Written by: Scott Hauptmann
It’s already difficult to reach employees and educate them on the need to save for retirement, and the task is made harder when some employees speak a different language or grew up in a different culture. While there’s not a one size fits all approach, it’s important to provide inclusive, multilingual financial and retirement education for your employees.
A more diverse workforce is leading to more workers whose native language is not English. But there’s a risk employees with a language or cultural barrier may be at a disadvantage when it comes to financial decisions.
For example, while you may think everyone knows what an interest rate is (the percentage charged by a lender on money borrowed), you may be surprised to learn interest is calculated differently across countries! If you don’t know what you don’t know about financial terminology, it can quickly become overwhelming.
That has implications for employers too. If employees become victims of financial stress because of poor financial education, it can result in lower productivity and higher turnover.
Employees with a language barrier may also be unlikely to be saving for their future in a retirement plan. With so many cultural and regional differences when it comes to saving and investing, having access to a trusted resource to speak about retirement in their native language is important.
Plan sponsors need to be ready to go beyond the basics—providing multilingual communications and financial education to help improve the financial stability and long-term success of their workforce. In return, you may be rewarded with the loyalty of longer-tenured employees.
How to improve financial literacy and wellbeing
It’s important to recognize that a segment of these workers may live paycheck to paycheck, have low credit scores and are unlikely to recognize the benefit of long-term savings when they are deep in debt.
A lack of trust in financial services firms and the products and services they offer, including retirement savings plans, often compounds financial difficulties, especially among non-English speakers.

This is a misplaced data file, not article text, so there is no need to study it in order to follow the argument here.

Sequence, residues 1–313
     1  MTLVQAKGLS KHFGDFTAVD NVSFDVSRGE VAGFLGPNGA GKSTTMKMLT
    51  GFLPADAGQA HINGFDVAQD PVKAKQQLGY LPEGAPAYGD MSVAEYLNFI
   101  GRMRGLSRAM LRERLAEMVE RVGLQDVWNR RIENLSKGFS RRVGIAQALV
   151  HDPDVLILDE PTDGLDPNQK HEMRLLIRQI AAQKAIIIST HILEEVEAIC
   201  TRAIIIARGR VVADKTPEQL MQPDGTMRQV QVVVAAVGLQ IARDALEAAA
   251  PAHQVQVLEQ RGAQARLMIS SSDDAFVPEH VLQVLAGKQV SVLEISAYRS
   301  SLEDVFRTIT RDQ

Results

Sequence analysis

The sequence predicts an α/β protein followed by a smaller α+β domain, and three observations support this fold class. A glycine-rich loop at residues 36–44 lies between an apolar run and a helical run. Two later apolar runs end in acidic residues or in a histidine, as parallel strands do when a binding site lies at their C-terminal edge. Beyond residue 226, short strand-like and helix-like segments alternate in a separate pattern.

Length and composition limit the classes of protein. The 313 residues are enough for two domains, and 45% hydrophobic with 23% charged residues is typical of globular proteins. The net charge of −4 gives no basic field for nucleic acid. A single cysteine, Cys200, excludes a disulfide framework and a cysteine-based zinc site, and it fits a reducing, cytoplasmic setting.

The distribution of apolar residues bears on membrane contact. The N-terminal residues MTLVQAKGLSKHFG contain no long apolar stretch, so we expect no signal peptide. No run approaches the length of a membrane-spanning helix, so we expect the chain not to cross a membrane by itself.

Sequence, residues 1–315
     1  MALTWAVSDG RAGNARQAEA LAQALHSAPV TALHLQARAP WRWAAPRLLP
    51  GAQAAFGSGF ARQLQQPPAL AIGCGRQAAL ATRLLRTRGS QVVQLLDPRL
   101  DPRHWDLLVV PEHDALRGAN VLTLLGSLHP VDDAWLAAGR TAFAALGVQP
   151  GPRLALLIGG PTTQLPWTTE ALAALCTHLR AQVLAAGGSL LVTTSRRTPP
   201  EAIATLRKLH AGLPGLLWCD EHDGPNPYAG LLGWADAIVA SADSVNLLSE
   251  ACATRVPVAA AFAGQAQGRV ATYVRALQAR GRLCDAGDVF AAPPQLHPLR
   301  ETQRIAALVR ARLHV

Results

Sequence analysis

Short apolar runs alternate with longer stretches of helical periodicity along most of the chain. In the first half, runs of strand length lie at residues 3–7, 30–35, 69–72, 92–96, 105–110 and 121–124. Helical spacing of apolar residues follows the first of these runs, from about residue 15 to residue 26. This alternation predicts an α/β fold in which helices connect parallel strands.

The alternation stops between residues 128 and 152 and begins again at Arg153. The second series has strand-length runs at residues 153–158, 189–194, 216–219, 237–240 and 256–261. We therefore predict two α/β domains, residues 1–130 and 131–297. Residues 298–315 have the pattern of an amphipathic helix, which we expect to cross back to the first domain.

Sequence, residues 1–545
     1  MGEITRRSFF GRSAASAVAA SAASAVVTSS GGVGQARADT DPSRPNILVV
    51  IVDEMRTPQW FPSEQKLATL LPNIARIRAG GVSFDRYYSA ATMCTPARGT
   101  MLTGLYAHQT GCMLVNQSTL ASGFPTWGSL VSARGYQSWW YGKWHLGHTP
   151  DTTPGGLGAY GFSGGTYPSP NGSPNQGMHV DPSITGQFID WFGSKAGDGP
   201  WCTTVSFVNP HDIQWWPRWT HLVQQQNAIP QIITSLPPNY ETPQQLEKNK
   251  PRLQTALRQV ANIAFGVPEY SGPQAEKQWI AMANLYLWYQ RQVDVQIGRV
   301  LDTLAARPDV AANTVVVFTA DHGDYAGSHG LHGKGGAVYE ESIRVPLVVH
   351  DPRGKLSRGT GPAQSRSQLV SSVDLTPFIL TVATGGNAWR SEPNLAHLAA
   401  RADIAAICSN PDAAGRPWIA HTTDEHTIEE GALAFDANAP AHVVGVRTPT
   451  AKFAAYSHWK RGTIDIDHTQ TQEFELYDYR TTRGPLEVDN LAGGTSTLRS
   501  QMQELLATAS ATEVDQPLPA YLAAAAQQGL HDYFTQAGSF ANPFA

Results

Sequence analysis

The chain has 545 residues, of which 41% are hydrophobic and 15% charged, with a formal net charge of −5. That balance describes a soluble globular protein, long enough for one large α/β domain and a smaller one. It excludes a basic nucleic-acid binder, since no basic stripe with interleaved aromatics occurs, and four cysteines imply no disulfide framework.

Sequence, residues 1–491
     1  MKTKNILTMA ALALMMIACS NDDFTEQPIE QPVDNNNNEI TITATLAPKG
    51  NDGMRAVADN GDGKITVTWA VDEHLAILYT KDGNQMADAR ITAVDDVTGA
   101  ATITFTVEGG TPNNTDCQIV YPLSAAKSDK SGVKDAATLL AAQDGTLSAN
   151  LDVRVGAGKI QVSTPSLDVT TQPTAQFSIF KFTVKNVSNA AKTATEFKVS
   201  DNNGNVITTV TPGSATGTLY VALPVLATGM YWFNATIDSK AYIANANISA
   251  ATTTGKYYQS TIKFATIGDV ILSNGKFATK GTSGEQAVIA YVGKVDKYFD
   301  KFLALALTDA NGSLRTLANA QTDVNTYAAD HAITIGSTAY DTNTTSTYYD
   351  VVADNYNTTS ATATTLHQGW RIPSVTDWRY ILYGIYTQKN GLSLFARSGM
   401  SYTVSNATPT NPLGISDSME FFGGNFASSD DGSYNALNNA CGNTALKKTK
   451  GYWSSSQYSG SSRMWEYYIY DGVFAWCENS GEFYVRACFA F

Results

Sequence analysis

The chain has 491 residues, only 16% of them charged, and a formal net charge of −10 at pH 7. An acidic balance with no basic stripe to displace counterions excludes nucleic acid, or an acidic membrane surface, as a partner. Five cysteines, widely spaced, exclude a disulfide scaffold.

Consider offering the following services to improve financial literacy, financial wellbeing, retirement readiness, and ultimately, productivity and employee loyalty:
- Multilingual communication and education: Make financial literacy programs available to employees in their own language, whether it’s Spanish, French, Mandarin, or another language. Make sure translations of keywords and phrases make sense. Literal word-for-word translations often don’t exist or don’t accurately capture a language’s idioms and expressions. For that reason, try to have native speakers make presentations to non-English speaking employees.
- Multilingual, individual financial coaching: Those who are heavily struggling with finances need to solve their immediate financial problems before they’re able to address the future. Providing multilingual coaching in basic money management will help employees focus on their current financial issues and set them up for a stronger future.
- Money-saving tools: Employees who don’t speak English may be unbanked and pay high fees to cash their paycheck. Steering them towards opening a bank account will help. Also, trying to get them off the high-interest credit card carousel through lower-interest consolidated loans will provide immediate financial relief.
- Student loan debt relief: English as a first language or not, there are some employees who may have fallen into student debt (whether or not they graduated). Employers can make matching contributions of up to 5% of an employee’s salary when that person puts at least 2% of their salary towards paying off a student loan. It’s important to communicate such programs in several languages, as employees may have student debt even though they are non-native English speakers.
The financial challenges of many employees who are from a different social, cultural, or socioeconomic background are usually complex enough to warrant a high level of employer commitment to multilingual education. But these commitments of time and resources will have a long-term return in higher productivity, employee retention, and employee engagement. It’s about moving everyone, regardless of the language barrier, from surviving to thriving.
This content is for general information only and is not intended to provide investment, tax or legal advice or recommendations for any particular situation or type of retirement plan. Please consult with a financial, tax or legal advisor on your own particular circumstances.
Chief Operations Officer
Scott Hauptmann is the Chief Operations Officer (COO) for TCG Group Holdings, LLP. and is a Partner at TCG Group Holdings, LLP. Scott is responsible for the oversight and day-to-day operations of all retirement plans administered by TCG Administrators, and he works to maintain the relationships TCG Administrators has with its clients, participants, outside vendors, and financial representatives.
Scott graduated from the University of Texas with a BBA in Finance and a minor in Sociology. He’s an active member of the American Society of Pension Professionals & Actuaries (ASPPA) and the National Association of Government Defined Contribution Administrators (NAGDCA).
Financial assistance is available! Get matched with a Financial Advisor: